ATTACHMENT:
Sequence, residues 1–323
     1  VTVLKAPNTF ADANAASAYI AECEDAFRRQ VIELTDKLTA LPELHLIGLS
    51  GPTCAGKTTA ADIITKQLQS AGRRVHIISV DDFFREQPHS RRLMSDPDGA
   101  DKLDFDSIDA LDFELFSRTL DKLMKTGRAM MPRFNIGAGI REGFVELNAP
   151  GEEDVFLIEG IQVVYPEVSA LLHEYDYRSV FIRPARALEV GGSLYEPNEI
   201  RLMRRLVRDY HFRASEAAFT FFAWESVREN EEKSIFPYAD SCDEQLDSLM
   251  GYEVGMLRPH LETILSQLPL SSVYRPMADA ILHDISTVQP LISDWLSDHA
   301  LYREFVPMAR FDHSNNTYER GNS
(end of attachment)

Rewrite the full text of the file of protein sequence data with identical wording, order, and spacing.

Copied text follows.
Sequence, residues 1–323
     1  VTVLKAPNTF ADANAASAYI AECEDAFRRQ VIELTDKLTA LPELHLIGLS
    51  GPTCAGKTTA ADIITKQLQS AGRRVHIISV DDFFREQPHS RRLMSDPDGA
   101  DKLDFDSIDA LDFELFSRTL DKLMKTGRAM MPRFNIGAGI REGFVELNAP
   151  GEEDVFLIEG IQVVYPEVSA LLHEYDYRSV FIRPARALEV GGSLYEPNEI
   201  RLMRRLVRDY HFRASEAAFT FFAWESVREN EEKSIFPYAD SCDEQLDSLM
   251  GYEVGMLRPH LETILSQLPL SSVYRPMADA ILHDISTVQP LISDWLSDHA
   301  LYREFVPMAR FDHSNNTYER GNS